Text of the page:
After trying unsuccessfully to get cable service to connect with our new television set, I called Comcast. After literally yelling at the automated answering system since none of the choices fit, I was finally connected to a living person. He graciously told me that I had a “legacy” set box and that it wouldn’t work with the new television.
I began to think of the variety of euphemisms I have run into in the last few years that are being substituted for old, over the hill and outdated. I guess some younger person is treading carefully around my age demographic, hoping to avoid hurting our feelings. My husband’s Levis are called “Classic.” My sweater is referred to as “Heritage.” Other carefully chosen words include “original,” and “time honored.” My own pants have what is called a “Relaxed Fit,” to distinguish them from the offering of “Modern Fit.” Here clearly the title is meant to cushion the blow of realizing that my body is now “relaxed,” rather than “modern.”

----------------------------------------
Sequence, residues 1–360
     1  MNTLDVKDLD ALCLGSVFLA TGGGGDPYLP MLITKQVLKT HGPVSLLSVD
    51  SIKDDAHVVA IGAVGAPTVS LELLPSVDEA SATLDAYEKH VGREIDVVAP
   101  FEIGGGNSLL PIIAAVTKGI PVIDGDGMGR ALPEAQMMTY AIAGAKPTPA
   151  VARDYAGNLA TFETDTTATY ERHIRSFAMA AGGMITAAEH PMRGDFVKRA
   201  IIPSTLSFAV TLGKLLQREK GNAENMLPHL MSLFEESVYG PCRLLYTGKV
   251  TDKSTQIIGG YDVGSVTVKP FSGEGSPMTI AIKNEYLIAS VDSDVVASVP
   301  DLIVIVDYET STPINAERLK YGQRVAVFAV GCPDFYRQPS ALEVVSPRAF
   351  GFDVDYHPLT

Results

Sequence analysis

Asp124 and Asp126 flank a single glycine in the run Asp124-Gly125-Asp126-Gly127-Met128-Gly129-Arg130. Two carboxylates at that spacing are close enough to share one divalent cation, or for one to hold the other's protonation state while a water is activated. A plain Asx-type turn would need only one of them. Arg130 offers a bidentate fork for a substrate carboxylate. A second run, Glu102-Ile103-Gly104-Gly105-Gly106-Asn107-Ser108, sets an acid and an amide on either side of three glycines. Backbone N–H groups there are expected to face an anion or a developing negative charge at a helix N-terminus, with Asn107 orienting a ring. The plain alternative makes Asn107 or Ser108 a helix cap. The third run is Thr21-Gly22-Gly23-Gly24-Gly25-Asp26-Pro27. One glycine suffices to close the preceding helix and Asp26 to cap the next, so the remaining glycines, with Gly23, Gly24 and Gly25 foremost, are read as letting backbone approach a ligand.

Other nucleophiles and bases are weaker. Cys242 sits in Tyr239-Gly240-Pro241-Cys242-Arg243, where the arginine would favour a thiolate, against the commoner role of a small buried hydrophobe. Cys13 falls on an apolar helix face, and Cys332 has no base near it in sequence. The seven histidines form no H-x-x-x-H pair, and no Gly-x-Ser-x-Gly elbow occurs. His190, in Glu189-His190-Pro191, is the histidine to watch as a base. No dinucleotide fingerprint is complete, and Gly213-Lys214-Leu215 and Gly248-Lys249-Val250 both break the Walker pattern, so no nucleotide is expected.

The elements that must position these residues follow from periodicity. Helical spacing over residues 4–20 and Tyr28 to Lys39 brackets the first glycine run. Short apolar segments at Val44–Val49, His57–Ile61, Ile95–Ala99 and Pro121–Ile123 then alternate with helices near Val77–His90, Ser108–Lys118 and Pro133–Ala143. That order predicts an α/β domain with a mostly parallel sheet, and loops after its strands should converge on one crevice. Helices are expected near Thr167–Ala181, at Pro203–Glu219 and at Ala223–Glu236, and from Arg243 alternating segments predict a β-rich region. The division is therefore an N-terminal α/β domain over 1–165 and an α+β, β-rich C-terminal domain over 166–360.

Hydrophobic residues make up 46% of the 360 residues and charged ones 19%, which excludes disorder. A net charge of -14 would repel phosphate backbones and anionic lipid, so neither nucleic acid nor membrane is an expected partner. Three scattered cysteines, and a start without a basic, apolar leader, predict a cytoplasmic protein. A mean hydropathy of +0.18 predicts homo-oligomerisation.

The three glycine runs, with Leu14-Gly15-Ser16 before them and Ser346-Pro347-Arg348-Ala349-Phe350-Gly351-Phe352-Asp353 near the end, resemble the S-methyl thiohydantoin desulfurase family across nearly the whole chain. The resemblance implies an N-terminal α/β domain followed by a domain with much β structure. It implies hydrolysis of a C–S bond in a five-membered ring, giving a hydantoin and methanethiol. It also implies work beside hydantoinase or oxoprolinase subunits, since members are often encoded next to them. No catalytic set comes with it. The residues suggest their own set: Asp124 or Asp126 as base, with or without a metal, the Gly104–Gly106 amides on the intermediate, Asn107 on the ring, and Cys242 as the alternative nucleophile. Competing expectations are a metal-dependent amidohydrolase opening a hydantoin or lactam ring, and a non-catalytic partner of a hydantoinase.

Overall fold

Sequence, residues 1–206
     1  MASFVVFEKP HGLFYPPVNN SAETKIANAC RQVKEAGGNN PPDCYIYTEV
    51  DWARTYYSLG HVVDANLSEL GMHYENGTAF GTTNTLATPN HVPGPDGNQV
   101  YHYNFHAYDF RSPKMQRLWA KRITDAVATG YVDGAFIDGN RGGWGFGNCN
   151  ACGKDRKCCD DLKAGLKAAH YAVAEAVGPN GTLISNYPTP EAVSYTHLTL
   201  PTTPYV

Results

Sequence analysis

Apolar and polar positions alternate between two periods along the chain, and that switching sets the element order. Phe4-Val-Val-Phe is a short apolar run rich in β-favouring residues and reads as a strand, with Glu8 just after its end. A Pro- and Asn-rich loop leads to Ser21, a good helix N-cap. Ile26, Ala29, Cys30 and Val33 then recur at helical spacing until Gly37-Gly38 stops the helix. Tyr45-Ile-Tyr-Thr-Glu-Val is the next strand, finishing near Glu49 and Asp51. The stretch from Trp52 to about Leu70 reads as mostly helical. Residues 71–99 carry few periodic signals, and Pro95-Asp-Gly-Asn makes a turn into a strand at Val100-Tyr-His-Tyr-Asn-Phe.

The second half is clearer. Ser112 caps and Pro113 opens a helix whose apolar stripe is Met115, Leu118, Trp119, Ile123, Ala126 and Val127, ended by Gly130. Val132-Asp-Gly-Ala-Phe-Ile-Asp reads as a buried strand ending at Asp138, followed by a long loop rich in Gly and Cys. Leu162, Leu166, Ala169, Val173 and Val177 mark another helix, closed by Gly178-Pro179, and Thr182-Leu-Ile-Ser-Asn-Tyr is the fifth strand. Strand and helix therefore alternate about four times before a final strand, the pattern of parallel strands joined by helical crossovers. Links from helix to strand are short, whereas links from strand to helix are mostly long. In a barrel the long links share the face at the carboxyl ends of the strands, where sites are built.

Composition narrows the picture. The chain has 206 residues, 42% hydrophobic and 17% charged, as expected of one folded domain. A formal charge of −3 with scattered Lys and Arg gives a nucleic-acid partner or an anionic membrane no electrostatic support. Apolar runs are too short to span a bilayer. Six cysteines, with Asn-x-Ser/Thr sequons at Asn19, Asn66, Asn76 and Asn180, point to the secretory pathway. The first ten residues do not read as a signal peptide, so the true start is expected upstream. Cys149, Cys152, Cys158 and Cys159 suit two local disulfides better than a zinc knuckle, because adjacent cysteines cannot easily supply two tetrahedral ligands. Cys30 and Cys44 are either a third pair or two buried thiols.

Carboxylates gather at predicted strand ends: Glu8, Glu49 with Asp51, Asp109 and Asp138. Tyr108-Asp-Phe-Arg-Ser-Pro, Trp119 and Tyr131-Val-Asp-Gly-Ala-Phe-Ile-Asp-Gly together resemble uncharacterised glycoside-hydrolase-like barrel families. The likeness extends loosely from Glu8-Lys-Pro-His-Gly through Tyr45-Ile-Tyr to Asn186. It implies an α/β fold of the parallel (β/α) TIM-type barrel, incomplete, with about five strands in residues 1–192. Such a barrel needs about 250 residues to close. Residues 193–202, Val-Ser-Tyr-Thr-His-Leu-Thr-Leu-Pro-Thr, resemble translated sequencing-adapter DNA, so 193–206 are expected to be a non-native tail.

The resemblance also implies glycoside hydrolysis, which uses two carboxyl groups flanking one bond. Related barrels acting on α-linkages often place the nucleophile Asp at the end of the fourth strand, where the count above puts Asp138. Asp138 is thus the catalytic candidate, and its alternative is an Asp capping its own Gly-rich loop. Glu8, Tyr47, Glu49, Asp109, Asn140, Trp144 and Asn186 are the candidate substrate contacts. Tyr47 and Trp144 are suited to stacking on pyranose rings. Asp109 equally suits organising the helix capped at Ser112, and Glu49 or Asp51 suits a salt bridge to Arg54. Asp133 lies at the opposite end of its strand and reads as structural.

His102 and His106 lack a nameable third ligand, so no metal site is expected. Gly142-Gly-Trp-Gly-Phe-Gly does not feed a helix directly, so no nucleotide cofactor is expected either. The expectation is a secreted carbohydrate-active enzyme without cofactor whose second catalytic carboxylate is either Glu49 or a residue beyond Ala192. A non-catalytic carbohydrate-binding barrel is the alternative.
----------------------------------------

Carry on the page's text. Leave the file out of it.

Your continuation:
So in effect I had an old television set box, looked at by my husband in his old Levi’s and me in my old pants using an analog wristwatch and waiting for the timer on the counter to ding. It’s all right. I can accept that I like to keep things the way they are without being “new” or “improved.”